Syracuse Stage’s ‘Vanya and Sonia and Masha and Spike’ keeps the laughs coming
Christopher Durang takes the audience on a wild romp in this Tony Award-winning Chekhov mash-up
At one point in Vanya and Sonia and Masha and Spike, the Christopher Durang comedy that opened Syracuse Stage’s 2014-15 season, the audience broke into spontaneous applause.
Vanya, memorably played by Larry Paulsen, had just delivered a huge monologue (a tirade, really) about the modern world of text messaging and cable TV — where somewhere among its 785 channels you’re sure to find one that agrees with what you already think. “Before there were answering machines,” Paulsen’s Vanya says with great bitterness and stressing every word, “we had to call people back.”
Vanya, as anyone with even a passing acquaintance with Russian literature knows, is one of the characters in a Chekhov play. And if you’ve seen a few of Chekhov’s plays, you might hear the resonance in this speech of a recurrent theme: nostalgia for a rapidly disappearing world when people were more connected to one another.
And certainly you would see in Vanya and his two sisters, Sonia (Dori Legg) and Masha (Nance Williamson), despairing people with wasted lives typical of those you think of as typical of Chekhov plays. Durang himself had said that his play takes Chekhov’s characters and themes and “puts them in a blender.” Then he sends the whole mix over the top. One senses that Durang had a marvelous time writing this play.
Directing the Syracuse Stage production is Marcela Lorca, who has directed many plays at the renowned Guthrie Theatre in Minneapolis. The three plays she has done for Syracuse Stage couldn’t be more different from one another: the musical “Caroline, or Change,” the drama “Scorched,” and now Durang’s outrageously absurd comedy.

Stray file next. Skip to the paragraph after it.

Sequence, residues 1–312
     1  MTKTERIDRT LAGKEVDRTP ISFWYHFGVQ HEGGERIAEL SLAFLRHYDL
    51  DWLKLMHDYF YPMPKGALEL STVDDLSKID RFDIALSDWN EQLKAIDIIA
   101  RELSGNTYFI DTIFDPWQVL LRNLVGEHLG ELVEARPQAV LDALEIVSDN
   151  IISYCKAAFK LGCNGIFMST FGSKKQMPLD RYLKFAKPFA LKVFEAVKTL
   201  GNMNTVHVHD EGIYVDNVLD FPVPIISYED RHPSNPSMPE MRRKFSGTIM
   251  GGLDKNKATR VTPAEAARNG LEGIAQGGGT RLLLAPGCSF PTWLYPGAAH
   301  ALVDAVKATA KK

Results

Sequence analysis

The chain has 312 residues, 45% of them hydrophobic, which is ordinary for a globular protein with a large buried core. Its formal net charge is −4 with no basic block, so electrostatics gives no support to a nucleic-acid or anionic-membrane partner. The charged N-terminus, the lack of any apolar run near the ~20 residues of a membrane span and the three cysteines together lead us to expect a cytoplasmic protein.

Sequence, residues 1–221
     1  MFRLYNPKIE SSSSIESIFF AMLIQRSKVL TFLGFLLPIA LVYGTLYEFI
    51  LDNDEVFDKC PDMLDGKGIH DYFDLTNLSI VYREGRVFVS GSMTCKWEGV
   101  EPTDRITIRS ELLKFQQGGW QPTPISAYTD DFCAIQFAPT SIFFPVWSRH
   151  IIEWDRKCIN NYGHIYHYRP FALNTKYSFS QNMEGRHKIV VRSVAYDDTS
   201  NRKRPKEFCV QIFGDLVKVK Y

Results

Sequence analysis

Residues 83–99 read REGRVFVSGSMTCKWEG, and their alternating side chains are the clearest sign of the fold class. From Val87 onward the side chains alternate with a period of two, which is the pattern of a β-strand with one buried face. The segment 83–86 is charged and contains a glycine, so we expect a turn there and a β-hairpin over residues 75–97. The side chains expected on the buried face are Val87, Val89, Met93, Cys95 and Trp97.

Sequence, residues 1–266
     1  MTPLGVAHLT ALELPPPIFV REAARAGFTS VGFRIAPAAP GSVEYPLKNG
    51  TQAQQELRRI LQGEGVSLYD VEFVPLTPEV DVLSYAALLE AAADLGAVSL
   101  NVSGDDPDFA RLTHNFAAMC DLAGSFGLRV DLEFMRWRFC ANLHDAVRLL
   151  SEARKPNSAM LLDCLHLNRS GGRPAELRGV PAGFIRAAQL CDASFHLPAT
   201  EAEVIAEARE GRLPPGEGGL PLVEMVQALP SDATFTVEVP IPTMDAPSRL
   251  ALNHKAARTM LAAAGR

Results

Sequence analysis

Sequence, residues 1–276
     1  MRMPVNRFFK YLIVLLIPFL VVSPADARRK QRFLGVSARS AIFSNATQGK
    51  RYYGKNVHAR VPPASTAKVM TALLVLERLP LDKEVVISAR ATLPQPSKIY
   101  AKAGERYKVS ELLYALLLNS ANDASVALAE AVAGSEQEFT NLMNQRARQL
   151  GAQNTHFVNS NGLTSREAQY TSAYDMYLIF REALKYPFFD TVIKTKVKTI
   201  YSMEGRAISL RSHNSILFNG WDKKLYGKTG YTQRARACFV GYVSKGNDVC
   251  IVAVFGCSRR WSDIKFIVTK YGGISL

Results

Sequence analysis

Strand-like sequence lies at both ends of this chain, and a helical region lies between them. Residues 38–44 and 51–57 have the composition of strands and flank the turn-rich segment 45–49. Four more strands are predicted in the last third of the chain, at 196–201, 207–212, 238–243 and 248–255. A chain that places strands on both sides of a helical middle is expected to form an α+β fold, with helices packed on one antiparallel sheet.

The premise of the play in itself is funny. Vanya and his sisters were given their names by parents uncommonly enamored with community theater. For the past 15 years Vanya and Sonia have been holed up in an isolated house in Pennsylvania caring for their elderly, ultimately demented (and now deceased) parents. We find out about all this, by the way, as the two aging siblings are in the midst of an increasingly ludicrous argument about who should serve the morning coffee — a tiff that ends when a mug is flung against the wall. Durang knows his craft, slipping in all the information we need to know without our noticing. Not for nothing is he Co-Director of the Playwrights Program at the Juilliard School of Drama.
While these two siblings have been moldering in the countryside, their more glamorous sister Masha has been making a name for herself as an actress. It’s not exactly the career she had been hoping for. She longed to play her namesake in The Three Sisters, but instead got typecast in films as a nymphomaniac serial killer.
Nonetheless, the sweet young aspiring actress from next door, Nina (Midori Iwana) is thrilled to meet her. Nina isn’t one of the family, but her name (as well as her ingénue character) comes straight out of Chekhov. Even though she is playing a molecule, Midori Iwama is quite charming in her lead role in the play Vanya has written about cataclysmic disasters that will result from climate change.